July 19 2018
The latest update to the “Ride” line matches light weight with a light price.
Remember that time you spent $250 on water-repellant running shoes? Yeah, me neither. And yet, someone must be buying them, because they’re out there. In fact, there are a number of expensive technologies and resources that are coming to the running world, some of which are discussed below. If you haven’t heard of these yet, you will soon:
Want to run the trails but still have an accurate map of your adventures? You’ll have to cough up $650, but the Garmin Fēnix will do the job. It has built-in navigation censors that are perfect for rugged environments. Plus, it has all the fancy smartwatch capabilities we’ve come to expect. That being said, if you’re on the fence about making the splurge, you might want to wait. The next Fēnix is slated to roll out later this year and is rumored to have even more features, like music, digital payment and improved GPS positioning.
If you thought you needed to be an elite athlete to get electric-stimulation therapy, you’d be wrong. While the Marc Pro Plus electronic muscle stimulator (EMS) is used by elite runners—think Jordan Hasay—you can get one for yourself for $950. So, what does it do? The wallet-sized machine sends high-frequency pulses to your muscles, calming nerves and shutting down pain.
Fitness trackers are so 2016. Why track your heart rate when you can gauge your oxygen saturation and respiration rate? The MightySat quite literally places a world of information at your fingertips. Once you fit the device over your finger, it measures your breathing cycles, the amount of oxygen in your blood and a bunch of other things you’ve probably never heard of, all for $400. The MightySat even connects to an app that helps you track trends in your training so you can adapt your running as needed. With a clientele that includes Ironman champ Heather Jackson, there’s no doubt that Masimo is on to something with its fingertip technology.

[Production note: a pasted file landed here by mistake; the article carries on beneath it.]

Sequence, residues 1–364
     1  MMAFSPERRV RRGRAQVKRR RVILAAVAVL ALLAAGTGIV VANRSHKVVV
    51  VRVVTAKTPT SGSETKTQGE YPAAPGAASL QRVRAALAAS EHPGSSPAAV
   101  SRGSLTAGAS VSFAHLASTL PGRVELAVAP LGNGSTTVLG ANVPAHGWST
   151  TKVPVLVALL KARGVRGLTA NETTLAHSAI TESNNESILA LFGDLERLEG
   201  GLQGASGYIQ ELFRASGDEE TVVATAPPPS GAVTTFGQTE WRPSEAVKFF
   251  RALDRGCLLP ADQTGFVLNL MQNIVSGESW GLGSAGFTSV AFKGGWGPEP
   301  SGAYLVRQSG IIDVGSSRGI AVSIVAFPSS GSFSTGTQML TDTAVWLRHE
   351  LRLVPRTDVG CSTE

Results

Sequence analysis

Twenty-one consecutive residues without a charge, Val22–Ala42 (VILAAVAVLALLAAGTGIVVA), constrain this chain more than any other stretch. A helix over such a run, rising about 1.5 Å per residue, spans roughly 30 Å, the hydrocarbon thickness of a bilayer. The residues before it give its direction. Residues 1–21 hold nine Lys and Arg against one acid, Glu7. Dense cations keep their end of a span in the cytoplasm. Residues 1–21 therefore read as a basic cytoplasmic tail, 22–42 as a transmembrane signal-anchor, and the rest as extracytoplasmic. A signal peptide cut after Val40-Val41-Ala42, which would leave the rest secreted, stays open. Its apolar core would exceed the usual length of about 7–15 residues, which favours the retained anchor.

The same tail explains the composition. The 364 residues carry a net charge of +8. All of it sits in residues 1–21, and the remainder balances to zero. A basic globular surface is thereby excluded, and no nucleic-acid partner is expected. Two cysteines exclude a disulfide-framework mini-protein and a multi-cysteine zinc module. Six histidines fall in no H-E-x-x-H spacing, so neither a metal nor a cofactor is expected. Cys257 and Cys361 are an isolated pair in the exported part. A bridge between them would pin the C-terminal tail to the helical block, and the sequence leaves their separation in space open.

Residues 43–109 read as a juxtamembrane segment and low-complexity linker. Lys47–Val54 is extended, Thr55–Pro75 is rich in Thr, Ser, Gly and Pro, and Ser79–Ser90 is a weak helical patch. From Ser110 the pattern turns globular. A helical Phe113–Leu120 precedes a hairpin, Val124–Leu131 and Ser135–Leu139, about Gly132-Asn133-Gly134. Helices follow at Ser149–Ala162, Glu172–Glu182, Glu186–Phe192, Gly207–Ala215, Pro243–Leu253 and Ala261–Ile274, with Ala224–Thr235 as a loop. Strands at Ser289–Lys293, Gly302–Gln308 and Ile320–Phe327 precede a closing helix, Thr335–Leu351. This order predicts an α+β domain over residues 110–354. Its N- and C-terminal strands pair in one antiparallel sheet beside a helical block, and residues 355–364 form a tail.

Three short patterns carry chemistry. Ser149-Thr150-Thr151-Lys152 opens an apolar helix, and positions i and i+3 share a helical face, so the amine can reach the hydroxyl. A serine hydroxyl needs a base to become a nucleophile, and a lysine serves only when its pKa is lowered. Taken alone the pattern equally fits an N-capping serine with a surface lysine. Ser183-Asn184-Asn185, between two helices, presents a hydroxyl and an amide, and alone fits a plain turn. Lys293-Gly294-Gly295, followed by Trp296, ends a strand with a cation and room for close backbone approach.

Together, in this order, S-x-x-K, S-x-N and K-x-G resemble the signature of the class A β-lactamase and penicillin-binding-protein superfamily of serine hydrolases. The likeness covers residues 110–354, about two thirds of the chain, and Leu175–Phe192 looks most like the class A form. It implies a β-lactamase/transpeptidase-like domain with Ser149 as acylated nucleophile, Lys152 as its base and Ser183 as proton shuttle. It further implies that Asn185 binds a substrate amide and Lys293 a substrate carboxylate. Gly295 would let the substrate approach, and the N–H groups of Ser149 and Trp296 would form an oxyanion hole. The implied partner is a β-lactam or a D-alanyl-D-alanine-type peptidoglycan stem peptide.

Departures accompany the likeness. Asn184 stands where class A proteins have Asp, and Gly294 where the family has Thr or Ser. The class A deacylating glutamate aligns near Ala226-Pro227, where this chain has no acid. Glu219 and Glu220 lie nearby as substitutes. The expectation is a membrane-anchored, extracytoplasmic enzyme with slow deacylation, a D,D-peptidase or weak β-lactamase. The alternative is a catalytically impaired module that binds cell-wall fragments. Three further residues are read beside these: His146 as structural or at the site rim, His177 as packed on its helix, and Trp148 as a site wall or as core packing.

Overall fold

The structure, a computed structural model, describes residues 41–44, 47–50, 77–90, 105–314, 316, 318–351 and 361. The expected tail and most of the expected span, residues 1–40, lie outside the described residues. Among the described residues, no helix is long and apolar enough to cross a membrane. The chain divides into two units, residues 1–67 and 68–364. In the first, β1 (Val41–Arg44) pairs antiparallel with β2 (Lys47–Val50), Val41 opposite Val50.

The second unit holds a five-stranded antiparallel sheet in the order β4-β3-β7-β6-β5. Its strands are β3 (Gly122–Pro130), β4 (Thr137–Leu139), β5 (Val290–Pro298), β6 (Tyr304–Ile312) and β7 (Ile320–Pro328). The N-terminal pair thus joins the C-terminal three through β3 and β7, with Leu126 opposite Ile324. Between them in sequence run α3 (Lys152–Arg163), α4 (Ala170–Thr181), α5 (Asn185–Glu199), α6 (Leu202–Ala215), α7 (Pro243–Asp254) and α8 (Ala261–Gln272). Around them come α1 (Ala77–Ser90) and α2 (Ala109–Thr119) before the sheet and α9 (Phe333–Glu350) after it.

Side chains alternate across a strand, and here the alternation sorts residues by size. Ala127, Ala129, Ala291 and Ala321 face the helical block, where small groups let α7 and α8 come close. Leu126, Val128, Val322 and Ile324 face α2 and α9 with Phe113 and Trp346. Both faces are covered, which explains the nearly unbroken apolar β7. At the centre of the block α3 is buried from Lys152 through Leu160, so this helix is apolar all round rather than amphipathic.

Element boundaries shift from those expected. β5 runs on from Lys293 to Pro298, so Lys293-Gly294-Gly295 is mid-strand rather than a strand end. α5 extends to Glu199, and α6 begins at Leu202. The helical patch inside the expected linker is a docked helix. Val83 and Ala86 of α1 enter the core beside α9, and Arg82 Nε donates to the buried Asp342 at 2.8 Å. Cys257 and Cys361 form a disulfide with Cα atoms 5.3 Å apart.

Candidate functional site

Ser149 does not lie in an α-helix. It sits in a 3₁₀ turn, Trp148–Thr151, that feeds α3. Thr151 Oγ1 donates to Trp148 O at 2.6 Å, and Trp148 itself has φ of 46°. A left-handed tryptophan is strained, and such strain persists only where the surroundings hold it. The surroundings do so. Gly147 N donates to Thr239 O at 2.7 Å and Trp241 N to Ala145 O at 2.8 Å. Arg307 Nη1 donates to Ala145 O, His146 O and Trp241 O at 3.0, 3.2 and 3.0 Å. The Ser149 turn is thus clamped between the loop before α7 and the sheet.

As a collegiate athlete, I benefitted from using NormaTec regularly. I’d slip on the hip-high inflatable “boots” and relax for 20 minutes while they pulsated my legs and massaged my muscles. That wonderful recovery came at a cost of more than $2,000. Guess who’s not using NormaTec any more now that she’s out of school? If your budget is like mine, keep in mind: There are performance centers where you can pay per session to use NormaTec. It might be worth it if you’re running heavy mileage and having difficulty recovering between runs.
Your first-place prize from the local 5K isn’t going to pay for any of these running products. They’re high tech, and “high tech” often means expensive. But judging by their popularity among elite runners, the cost might be justified. Whether you’re appalled at the thought of spending more than $20 on a running watch or you’re already pulling out your credit card, know this: No technology is a replacement for consistent training and a love of the sport. That, my friend, still has to come from you.